Sport Badge means little. The Boot like the car is not quite as spacious as on would
imagine, though no worse than many 4*4s
Sport Badge means little.
The Boot like the car is not quite as spacious as on would imagine, though no worse than many 4*4s
Endowed with the smallest engine option a somewhat sluggish 2.5-litre petrol; the Cherokee is no stormer. It has to be pushed fairly hard to keep up with traffic. Although strangely it cruises well enough on the motorway. Not really so strange when you check out the Gearbox with its long legged top gear which mean you can wind the Cherokee up to a fair old ambling gate without too much difficulty given a long enough stretch. The gearbox is a fair effort considering the Yanks are not big on the manual change front, certainly at least on a par with other 4*4. The clutch is solid and predictable if a trifle on the heavy side.
Fuel consumption is nothing to write home about, but you really would not expect too much would you? For the thrill seekers the 4 litre turns in zippy performance to challenge the mightiest 4*4 hot rod, for the tight of pocket a rather nasty 2.5 turbo diesel eases the wallet burden at the expense of any kind of zip at all.
More often in the 4*4 world the phrase handling gives way to terms such as manageability and ease of driving. By definition if you want precise handling you buy something else.
The Cherokee is not too big for a 4*4, and feels very nimble and manoeuvrable within its design limitation. Light controls mean there is no really strain involved and the big car goes where you point it as long as you respect the reality of its bulk. It hides its design fairly well so as long as you realise what it limitations are there should be no real problems. Of course you have got that lovely high driving position, giving you a great view out.
The steering is unusually sharp for a 4*4 which is a good thing for its realistic usage, there is little body roll on corners, which suggests its fairly tightly sprung, good for the road but maybe the ultimate limiting factor in extreme off road.
On simple off road excursions at least it is just as easy to manage. I did not dare go diving through any rock strewn quarries, so I will have to accept that it is a perfectly capable off roader beyond my limited skills. Like many 4*4s it probably aimed at 99% road use with the occasional foray down a dirt road or across a field. Despite the Cherokee being a competent off-roader, country motorists looking for a real workhorse should probably look elsewhere, at something a little less glamorous.
Underneath its all fairly straight forward bog standard 4*4 fare and its a credit to Jeep that it remains as manageable as it is without high tech suspension and driveline trickery.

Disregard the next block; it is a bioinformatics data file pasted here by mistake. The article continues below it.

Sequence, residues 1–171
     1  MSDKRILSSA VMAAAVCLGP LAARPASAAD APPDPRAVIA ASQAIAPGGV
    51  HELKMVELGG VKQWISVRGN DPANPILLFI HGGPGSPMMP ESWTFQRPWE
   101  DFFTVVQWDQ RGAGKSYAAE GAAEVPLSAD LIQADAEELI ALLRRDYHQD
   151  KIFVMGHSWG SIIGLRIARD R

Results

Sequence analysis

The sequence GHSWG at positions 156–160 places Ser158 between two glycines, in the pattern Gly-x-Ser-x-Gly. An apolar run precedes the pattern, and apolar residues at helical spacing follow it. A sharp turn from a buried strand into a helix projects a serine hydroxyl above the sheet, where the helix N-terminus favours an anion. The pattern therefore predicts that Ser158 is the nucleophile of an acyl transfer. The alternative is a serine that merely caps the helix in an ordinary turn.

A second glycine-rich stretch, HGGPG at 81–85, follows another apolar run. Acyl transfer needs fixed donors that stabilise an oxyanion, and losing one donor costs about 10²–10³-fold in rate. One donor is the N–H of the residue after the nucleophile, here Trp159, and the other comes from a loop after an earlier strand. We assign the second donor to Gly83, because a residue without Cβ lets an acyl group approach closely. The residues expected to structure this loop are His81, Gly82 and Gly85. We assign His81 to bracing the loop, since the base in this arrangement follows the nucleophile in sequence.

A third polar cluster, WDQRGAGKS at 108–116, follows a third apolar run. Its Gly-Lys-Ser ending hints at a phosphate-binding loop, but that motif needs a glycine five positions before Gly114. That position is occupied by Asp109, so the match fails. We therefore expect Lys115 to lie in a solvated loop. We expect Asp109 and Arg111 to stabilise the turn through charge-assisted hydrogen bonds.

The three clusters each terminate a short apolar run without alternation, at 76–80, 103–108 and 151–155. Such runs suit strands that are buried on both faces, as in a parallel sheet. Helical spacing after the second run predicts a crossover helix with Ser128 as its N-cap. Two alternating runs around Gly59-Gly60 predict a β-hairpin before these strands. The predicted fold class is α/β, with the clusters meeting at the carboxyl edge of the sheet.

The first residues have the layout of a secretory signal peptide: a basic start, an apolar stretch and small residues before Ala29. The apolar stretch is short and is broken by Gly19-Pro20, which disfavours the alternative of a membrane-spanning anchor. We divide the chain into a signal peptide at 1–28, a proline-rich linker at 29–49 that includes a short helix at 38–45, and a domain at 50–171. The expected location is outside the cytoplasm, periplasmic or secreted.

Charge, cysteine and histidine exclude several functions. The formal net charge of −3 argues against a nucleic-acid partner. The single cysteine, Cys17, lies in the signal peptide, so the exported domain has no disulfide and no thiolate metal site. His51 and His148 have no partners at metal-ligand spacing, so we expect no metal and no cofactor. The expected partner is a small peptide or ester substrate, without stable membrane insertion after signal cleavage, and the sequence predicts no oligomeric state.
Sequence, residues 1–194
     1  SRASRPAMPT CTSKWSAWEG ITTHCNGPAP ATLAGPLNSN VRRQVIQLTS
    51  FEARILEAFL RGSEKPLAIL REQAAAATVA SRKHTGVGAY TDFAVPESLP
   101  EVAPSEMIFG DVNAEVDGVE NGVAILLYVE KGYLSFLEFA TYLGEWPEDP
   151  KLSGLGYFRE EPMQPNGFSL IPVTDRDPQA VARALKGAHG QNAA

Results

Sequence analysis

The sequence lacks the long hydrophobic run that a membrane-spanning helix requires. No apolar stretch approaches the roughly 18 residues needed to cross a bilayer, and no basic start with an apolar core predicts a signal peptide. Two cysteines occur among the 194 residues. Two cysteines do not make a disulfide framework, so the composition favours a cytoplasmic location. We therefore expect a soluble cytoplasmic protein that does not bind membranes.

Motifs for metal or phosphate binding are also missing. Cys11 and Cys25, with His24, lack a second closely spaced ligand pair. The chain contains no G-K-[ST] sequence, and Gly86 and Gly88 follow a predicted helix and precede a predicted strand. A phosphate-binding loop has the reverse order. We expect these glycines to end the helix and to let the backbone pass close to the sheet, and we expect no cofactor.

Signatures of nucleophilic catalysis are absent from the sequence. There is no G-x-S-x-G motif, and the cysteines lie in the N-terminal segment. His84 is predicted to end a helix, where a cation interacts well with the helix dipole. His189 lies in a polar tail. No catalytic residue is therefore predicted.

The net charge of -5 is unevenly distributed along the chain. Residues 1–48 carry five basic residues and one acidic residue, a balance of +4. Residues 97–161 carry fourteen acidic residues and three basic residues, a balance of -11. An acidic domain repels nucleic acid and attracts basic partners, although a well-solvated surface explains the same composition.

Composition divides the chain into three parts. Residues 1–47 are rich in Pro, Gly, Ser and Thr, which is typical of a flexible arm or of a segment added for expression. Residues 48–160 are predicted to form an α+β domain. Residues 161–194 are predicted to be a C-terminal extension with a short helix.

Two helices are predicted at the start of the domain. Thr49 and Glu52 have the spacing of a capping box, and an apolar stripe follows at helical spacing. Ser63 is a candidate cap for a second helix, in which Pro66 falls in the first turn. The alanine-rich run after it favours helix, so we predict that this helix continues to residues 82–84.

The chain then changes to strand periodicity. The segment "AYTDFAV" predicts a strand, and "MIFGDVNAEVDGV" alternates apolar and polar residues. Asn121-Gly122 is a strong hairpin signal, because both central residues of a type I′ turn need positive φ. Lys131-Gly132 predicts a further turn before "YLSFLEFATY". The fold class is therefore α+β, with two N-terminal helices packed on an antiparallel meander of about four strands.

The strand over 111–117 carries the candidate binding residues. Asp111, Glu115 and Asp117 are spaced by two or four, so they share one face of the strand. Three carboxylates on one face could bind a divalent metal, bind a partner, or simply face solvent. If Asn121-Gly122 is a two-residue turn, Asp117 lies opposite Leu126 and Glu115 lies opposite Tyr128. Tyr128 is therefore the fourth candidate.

On the road the brakes are sharp and strong, off road perhaps a little too sharp.
Driver and passenger airbags are standard. A popular target
for thieves, the Cherokee has a remote locking system plus an engine immobiliser
and alarm. Crash tests often seem to defeat 4*4 in the war between car and brick
wall. In the war between Cherokee and Ford Fiesta, I will drive the Cherokee
thank you very much.
Lovers of American Iron, used to tell me how cheap spares were through the little independent specialists. I remember seeing how 8 pistons for a 5litre V8 ford came out at the same price as a single Rover V8 piston.
That of course was more of a reflection of how much we get ripped off by the manufactures. I cannot see the Chrysler official franchises being quite so altruistic. Still the Cherokee offers competitive service and maintenance costs, compared with a V8 Land Rover Discovery. Of course fuel is the biggest single cost, in petrol-engined models. Resale values are slipping, but demand remains strong for good used examples
The Cherokee might be looking a little dated now, but it's still
excellent value and continues to be in demand. Depreciation is average for a
4x4, but a Cherokee always manages to attract a lot of interest on the used
market. The Orvis and the Limited with leather are the best models, and as
always the diesels are in demand from those who think it worth driving a
bronchitis stricken snail in return for a little economy. Still if the 4*4
tickle your fancy its well worth moseying on down and taking a peak at on of
these. Its realistically probably just as good as any other 4*4 , better looking
than most, well engineered, tough, well equipped and different enough not to
make you a sheep baaaaa.
Goodyear and Wrangler how American.